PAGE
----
RHC 2018: An Extraordinary Union by Alyssa Cole

Read Harder Challenge 2018

This post is part of a series in which I describe the twenty-four books I read in 2018 for Book Riot’s Read Harder Challenge

Task: Read a romance novel by or about a person of color.

In some ways, romance really is the other side of the horror coin. A novel basically consists of bad things happening to good interesting people who are desperately trying to get something they want. Horror beds down in the “bad things” part of that equation, while romance concerns itself with the “want” bit. Horror, like romance, is also a rather maligned genre, though I’d argue that the criticism of romance has a much more sexist tone (which is maddeningly unsurprising, considering most romance is written by and for women), and so I’m always ready to take up for it.

I was especially interested in this task because of the controversy surrounding the Rita Awards and the significant barriers thrown up for romance writers of colorAn Extraordinary Union was a blockbuster title last summer, and for very good reason. I tore through it in a couple of days earlier in the summer. The heroine Elle is a Union spy posing as a slave in order to uncover a Confederate plot. The hero is also a Union spy posing as a Confederate war hero. That all makes for a short, explosive fuse, and both characters are smart, grounded, and easy to root for. And sure, in the hands of a lesser writer, this interracial Civil War era relationship (with a happy ending, no less!) could have gotten into Capital P Problematic territory faster than you can say power differential. That amazingly doesn’t happen, and there’s a rich and well-researched backdrop to the proceedings to boot.

The first book that came to mind reading this wasn’t any other romance novel I’ve read (I haven’t read many though) – it was Kindred, which I read earlier this year. Like Kindred, An Extraordinary Union approaches slavery through the eyes of someone forced to pretend to be a slave. It’s a device that does an incredible job of getting across the absolutely disgusting humiliation of slavery in addition to its physical horror. An Extraordinary Union manages to give its characters the happy ending that’s pretty much a requirement of the genre, but man do they have to fight for it. Kindred’s ending makes a very vivid statement about the continued impact of slavery on the present, but An Extraordinary Union’s concluding scenes actually express a little hope. Frankly, here and now, it’s hard to resist that kind of catnip.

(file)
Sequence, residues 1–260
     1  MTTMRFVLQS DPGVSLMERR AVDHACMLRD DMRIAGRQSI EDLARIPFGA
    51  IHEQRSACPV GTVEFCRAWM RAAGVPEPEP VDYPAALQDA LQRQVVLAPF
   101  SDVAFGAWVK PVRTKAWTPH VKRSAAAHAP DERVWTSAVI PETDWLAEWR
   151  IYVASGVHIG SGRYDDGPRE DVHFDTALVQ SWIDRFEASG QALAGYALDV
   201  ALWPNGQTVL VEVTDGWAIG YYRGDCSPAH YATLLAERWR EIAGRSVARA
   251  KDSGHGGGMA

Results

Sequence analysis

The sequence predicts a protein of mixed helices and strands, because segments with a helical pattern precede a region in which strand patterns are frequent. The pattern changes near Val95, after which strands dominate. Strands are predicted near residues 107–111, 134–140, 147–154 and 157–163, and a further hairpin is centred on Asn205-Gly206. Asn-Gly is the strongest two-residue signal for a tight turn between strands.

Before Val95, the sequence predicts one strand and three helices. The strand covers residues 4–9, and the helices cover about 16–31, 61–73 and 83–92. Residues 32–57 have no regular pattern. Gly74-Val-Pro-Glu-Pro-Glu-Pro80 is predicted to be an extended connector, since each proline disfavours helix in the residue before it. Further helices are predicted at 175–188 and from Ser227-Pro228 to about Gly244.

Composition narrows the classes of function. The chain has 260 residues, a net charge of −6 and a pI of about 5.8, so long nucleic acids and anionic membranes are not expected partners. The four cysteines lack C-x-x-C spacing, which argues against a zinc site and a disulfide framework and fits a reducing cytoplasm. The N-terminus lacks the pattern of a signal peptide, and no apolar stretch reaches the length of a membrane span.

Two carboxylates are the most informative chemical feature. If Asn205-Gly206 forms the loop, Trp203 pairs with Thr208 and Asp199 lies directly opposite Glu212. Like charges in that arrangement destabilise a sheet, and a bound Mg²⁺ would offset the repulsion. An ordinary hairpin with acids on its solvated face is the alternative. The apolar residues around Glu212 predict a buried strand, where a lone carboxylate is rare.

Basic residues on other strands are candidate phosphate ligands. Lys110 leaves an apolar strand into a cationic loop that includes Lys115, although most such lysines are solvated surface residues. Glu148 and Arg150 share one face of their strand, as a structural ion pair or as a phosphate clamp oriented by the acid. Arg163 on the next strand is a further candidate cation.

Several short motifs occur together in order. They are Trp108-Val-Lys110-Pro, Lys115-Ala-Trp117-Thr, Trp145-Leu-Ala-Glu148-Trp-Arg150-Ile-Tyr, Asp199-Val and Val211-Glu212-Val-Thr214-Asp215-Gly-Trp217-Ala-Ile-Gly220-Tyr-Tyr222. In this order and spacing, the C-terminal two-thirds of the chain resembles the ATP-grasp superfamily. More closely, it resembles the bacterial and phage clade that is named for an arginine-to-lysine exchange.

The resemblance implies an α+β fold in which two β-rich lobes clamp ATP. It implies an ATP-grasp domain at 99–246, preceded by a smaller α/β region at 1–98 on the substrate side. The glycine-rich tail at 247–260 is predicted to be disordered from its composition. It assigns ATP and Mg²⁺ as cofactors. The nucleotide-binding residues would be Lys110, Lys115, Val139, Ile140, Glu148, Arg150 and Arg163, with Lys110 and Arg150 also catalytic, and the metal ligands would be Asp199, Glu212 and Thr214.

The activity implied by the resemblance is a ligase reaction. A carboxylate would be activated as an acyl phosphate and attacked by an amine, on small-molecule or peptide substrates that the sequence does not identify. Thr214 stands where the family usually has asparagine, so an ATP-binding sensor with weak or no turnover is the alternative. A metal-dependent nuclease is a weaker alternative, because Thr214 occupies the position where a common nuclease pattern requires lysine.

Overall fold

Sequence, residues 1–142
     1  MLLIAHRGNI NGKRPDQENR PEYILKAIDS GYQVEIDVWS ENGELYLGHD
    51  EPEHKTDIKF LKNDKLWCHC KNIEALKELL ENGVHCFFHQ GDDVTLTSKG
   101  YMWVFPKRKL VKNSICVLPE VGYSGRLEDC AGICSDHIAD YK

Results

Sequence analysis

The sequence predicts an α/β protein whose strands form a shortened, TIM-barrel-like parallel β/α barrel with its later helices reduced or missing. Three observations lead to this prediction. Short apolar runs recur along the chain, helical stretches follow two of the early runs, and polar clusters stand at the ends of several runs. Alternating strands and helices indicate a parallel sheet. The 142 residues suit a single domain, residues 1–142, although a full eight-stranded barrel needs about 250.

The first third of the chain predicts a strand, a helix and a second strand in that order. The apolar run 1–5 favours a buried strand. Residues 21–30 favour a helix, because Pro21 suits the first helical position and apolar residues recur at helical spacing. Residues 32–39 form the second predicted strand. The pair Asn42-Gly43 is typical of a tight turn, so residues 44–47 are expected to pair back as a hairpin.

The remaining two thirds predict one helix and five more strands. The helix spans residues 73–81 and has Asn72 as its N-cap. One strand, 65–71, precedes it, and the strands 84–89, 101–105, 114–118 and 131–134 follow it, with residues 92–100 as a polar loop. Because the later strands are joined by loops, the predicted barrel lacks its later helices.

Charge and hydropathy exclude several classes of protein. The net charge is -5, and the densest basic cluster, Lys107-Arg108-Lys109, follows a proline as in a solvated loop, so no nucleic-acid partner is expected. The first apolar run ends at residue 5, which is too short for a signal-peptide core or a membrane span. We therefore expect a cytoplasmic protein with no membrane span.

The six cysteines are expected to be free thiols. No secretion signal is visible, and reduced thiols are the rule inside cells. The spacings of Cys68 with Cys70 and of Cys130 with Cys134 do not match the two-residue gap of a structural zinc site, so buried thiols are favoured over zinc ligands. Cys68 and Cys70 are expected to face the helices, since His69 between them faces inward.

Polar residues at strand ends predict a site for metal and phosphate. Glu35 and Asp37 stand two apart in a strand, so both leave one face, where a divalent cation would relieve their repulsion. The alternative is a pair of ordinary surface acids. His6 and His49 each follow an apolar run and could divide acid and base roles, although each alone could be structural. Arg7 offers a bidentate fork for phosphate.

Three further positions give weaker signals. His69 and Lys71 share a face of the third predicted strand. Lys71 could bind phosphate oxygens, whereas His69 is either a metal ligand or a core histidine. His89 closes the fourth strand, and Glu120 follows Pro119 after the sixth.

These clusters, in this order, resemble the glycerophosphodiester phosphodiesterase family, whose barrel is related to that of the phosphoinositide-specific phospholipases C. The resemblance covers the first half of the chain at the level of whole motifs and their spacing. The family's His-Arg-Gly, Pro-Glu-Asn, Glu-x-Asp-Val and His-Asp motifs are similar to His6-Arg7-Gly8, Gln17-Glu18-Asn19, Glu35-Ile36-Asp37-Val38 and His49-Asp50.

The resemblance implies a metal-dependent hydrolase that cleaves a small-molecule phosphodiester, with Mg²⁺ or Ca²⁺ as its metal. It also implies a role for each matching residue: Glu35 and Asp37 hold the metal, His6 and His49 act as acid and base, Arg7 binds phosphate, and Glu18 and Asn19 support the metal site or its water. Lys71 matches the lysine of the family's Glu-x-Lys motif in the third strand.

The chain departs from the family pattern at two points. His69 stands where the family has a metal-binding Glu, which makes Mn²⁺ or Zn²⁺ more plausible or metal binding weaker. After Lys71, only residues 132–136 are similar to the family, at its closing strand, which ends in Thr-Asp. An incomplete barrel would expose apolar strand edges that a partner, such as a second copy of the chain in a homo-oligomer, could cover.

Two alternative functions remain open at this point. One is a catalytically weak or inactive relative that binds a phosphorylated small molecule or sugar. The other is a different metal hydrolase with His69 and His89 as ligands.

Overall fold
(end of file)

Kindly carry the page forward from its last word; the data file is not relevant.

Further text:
RHC 2018: The Stars Are Legion by Kameron Hurley

Read Harder Challenge 2018

This post is part of a series in which I describe the twenty-four books I read in 2018 for Book Riot’s Read Harder Challenge

Task: Read a sci fi novel with a female protagonist by a female author.

I feel like I completed this task with honors, since Kameron Hurley’s book not only features a pair of female protagonists, but is set in a corner of the universe where not only do men not exist, at all, but their absence isn’t remarked upon a single time. It’s a sweeping bloody love story complete with massive wars, terrifying machinery, political intrigue, and freaky fetuses.

I haven’t read a pure sci fi book in years. I’m not even particularly sci-fi literate, really. I’ve read some of the big stuff, like Dune (which I found pretty annoying, honestly), Stranger in a Strange Land (which *really* annoyed me, for reasons I can’t even remember), Ender’s Game (which I loved and taught me a hard lesson in the difference between the creator and the creation), and the expected dystopias, but I’m admittedly not automatically excited about seeing a space ship on a cover.

[Caveat caveat caveat: nothing wrong with a spaceship on the cover! Read what you like to read!]

That said, I did enjoy The Stars Are Legion more than I thought I was going to. It’s set in a solar system of organic shipworlds (in one language in the book, “ship” and “world” are the same word) – planet-sized systems that may or may not be synthetic. The ships require organic material for fuel, which means that characters make grim comments about how the ships eat everyone in the end and that the word “recycling” takes on a much more threatening term. The ships absorb their own waste (and their own residents), and most are suffering from world-sized cancerous rot.

The dedication – “for all the brutal women” – is a great point of entry into a violent, surprising, and, um, squishy tale that feels more Alien: Resurrection than Star Trek. Protagonists Zan and Jayd both have blood on their hands, but there’s never any need for them to balance their warlike ways with their femininity or whatever like you see in a more typical “strong female character” situation, since there are no dudes in the damn galaxy. It’s a nonissue.

And yet pregnancy plays a surprising role in the very body horror-inflected plot. “The ship produces what it needs,” is a constant refrain. Pregnancy is a great central image for Zan’s story, too, since most of her narrative trajectory involves her crawling from the very center of the world back to its surface.

So, overall, this was a really fun and inventive (and really gross and violent, so your mileage may vary) book. I found some of the world building to be a little convoluted and it felt like there was an awful lot going on for a single 400-page volume, but that might be a failing on my non-sci-fi-reading part. I would definitely read a sequel.